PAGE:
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Exploring the advantages and disadvantages of codifying contract law, this book considers the question from the perspectives of both civil and common law systems, referring in detail to issues of international and consumer law.With contributions from leading international scholars, the chapters present a range of opinions on the virtues of codification, encouraging further debate on this topic.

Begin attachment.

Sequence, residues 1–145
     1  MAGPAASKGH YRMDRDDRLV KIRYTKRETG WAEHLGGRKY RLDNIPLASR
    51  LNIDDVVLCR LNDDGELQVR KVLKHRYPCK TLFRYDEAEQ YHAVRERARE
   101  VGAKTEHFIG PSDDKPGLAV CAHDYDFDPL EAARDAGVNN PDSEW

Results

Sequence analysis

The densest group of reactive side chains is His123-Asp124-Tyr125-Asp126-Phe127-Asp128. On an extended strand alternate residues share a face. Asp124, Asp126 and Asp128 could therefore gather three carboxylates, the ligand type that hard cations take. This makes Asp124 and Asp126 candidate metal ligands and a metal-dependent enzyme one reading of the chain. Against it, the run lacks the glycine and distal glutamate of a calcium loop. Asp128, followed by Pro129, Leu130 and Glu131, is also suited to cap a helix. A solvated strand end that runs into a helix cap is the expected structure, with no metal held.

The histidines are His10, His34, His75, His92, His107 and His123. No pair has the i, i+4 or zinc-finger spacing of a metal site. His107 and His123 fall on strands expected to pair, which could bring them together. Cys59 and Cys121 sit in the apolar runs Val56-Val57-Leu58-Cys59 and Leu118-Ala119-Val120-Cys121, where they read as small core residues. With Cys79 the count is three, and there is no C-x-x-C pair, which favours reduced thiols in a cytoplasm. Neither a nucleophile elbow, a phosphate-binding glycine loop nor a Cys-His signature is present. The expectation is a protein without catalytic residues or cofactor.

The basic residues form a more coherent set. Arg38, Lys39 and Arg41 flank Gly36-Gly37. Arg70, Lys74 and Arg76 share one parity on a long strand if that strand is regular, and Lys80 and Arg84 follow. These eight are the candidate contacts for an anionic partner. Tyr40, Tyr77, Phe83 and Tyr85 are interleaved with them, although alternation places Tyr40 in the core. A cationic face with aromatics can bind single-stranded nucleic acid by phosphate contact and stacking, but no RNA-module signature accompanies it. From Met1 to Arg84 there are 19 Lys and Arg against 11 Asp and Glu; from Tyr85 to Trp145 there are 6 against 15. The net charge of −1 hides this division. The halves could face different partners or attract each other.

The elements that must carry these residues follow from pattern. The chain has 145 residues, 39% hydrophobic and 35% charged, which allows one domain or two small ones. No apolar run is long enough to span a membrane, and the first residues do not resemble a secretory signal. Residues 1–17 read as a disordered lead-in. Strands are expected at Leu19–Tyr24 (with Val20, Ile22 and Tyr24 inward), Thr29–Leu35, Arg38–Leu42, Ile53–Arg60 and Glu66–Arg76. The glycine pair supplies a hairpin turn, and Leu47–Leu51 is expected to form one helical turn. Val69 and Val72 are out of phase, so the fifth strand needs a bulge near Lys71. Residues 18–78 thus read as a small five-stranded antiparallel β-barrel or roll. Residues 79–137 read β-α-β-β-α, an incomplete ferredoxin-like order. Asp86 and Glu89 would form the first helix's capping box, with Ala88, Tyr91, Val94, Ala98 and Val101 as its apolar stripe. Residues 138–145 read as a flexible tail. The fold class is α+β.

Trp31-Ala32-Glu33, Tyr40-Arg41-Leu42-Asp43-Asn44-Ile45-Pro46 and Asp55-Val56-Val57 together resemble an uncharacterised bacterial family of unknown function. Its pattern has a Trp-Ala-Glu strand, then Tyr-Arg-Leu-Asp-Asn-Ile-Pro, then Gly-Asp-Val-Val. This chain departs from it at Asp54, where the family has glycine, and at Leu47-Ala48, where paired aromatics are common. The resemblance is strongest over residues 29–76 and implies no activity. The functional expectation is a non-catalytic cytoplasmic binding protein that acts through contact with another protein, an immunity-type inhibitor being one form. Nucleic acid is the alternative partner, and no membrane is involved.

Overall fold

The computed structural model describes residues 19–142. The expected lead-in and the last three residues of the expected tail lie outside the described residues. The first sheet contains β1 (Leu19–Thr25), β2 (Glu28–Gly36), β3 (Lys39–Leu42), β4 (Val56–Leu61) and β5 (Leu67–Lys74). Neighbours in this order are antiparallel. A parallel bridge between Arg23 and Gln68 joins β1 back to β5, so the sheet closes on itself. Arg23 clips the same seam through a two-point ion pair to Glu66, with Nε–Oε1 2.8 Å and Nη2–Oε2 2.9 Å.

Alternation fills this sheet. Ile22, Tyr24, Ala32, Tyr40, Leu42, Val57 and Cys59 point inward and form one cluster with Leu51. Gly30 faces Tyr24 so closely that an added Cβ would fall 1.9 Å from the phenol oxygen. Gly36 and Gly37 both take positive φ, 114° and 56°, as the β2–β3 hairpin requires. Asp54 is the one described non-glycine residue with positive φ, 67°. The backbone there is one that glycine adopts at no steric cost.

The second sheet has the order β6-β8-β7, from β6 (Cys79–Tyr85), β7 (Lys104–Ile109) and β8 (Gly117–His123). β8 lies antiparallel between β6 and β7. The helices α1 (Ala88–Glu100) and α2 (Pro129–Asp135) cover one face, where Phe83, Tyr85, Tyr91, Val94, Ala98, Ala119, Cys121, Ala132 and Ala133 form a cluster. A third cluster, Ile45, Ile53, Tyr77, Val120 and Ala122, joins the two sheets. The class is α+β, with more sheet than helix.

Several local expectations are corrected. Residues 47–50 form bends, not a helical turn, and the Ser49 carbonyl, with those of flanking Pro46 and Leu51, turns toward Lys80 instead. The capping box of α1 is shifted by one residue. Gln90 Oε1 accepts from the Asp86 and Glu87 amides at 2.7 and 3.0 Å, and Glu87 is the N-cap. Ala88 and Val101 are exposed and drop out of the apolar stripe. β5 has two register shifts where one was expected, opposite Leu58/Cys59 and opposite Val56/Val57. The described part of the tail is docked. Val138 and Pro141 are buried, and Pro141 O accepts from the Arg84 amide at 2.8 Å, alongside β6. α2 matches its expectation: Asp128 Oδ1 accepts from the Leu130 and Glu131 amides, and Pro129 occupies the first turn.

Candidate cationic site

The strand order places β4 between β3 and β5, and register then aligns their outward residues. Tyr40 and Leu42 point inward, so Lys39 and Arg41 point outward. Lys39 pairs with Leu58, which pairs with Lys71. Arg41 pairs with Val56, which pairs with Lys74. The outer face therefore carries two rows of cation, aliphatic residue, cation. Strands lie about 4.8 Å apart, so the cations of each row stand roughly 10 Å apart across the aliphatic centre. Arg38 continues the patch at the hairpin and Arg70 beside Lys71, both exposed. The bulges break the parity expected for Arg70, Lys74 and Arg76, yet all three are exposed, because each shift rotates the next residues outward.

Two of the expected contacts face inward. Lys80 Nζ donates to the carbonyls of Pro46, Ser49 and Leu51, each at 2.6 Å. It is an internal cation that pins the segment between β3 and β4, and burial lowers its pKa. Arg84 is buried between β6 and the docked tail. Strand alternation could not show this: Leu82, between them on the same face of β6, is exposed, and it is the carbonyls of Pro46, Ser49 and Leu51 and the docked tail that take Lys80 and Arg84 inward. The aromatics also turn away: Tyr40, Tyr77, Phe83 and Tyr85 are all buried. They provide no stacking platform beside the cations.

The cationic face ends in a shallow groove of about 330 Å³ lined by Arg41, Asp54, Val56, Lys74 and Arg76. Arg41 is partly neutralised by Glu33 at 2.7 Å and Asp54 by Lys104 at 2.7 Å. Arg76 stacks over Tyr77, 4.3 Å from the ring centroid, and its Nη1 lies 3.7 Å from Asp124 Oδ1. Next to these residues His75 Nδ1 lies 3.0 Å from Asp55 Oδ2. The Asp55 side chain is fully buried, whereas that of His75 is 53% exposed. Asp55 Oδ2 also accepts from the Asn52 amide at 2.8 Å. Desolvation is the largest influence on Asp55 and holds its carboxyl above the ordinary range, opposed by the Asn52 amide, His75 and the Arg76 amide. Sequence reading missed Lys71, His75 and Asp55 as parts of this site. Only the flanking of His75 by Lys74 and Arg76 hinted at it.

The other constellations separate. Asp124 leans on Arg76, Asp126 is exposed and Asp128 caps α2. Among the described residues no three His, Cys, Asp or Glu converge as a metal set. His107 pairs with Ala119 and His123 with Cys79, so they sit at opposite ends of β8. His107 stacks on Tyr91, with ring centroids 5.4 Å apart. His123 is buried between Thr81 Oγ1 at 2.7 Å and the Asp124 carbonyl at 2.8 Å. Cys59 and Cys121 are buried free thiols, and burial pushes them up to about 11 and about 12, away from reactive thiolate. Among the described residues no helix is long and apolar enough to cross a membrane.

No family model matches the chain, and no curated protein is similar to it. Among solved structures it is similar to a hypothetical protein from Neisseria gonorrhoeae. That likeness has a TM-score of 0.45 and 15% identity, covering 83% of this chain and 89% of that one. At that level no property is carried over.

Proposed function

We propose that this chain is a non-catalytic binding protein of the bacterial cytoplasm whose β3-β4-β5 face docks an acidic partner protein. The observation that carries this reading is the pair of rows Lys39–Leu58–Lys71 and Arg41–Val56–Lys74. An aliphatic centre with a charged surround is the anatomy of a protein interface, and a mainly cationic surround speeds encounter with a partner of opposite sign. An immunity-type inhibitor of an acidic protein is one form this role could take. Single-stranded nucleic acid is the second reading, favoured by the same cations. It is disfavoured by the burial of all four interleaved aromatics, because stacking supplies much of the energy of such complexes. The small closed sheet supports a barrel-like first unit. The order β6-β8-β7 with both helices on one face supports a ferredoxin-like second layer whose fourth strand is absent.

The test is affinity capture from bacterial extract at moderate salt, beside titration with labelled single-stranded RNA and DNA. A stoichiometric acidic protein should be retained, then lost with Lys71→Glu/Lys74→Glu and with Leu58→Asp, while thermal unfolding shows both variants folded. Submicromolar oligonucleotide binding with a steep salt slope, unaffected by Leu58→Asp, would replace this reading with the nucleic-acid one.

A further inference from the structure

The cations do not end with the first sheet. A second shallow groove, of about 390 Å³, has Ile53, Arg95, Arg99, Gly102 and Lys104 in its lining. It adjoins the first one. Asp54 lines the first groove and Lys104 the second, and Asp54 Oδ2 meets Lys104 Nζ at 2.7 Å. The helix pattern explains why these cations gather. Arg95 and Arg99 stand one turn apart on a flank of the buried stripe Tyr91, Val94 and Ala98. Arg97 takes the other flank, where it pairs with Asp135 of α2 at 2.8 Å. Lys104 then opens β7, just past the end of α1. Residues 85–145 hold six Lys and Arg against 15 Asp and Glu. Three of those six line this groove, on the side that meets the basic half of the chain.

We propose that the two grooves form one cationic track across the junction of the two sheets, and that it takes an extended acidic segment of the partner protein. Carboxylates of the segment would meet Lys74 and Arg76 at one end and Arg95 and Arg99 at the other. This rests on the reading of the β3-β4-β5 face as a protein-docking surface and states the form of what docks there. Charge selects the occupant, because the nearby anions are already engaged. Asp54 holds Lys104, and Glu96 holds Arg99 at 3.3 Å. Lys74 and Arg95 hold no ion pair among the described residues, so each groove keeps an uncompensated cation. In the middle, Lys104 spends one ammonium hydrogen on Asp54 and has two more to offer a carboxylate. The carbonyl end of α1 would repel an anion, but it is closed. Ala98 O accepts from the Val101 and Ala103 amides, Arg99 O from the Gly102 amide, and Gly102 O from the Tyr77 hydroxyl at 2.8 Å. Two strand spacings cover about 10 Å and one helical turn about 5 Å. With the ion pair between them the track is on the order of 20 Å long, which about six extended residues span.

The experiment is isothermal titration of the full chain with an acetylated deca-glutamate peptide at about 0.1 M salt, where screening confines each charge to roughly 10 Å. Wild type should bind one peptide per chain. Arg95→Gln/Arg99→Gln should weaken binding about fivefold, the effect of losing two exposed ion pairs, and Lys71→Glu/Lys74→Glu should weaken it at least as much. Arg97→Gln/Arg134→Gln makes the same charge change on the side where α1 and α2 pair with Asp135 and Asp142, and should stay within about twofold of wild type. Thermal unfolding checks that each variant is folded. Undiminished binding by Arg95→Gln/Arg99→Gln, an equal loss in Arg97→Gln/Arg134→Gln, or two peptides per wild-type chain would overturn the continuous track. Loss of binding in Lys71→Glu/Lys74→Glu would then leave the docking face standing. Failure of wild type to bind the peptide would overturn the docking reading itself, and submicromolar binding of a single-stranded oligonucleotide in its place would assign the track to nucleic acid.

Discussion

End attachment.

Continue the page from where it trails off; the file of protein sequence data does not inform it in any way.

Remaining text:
The book commences with a discussion on the internationalization imperative for codification of contract law. It then turns to regional issues, exploring first codification attempts in the European Union and Japan, and then issues relevant to codification in the common law jurisdictions of Australia, New Zealand and the United States. The collection concludes with two chapters which consider the need to draw upon both private and comparative international law perspectives to inform any codification reforms.
This book will be of interest to international and comparative contract law academics, as well as regulators and policy-makers.